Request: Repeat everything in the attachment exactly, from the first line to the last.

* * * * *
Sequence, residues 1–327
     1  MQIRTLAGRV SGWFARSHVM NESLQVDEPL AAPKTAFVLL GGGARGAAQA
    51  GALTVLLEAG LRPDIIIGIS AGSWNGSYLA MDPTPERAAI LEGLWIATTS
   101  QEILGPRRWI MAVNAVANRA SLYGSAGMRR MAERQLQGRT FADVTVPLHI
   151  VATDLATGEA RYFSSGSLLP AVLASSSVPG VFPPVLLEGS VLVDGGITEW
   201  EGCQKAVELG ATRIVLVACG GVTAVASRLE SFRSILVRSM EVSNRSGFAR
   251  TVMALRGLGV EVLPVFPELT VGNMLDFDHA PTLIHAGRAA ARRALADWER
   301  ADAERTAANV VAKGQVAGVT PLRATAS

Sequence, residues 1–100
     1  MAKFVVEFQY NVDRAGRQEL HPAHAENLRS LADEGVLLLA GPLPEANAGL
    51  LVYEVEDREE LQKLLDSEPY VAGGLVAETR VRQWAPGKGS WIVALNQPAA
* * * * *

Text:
Sequence, residues 1–327
     1  MQIRTLAGRV SGWFARSHVM NESLQVDEPL AAPKTAFVLL GGGARGAAQA
    51  GALTVLLEAG LRPDIIIGIS AGSWNGSYLA MDPTPERAAI LEGLWIATTS
   101  QEILGPRRWI MAVNAVANRA SLYGSAGMRR MAERQLQGRT FADVTVPLHI
   151  VATDLATGEA RYFSSGSLLP AVLASSSVPG VFPPVLLEGS VLVDGGITEW
   201  EGCQKAVELG ATRIVLVACG GVTAVASRLE SFRSILVRSM EVSNRSGFAR
   251  TVMALRGLGV EVLPVFPELT VGNMLDFDHA PTLIHAGRAA ARRALADWER
   301  ADAERTAANV VAKGQVAGVT PLRATAS

Sequence, residues 1–100
     1  MAKFVVEFQY NVDRAGRQEL HPAHAENLRS LADEGVLLLA GPLPEANAGL
    51  LVYEVEDREE LQKLLDSEPY VAGGLVAETR VRQWAPGKGS WIVALNQPAA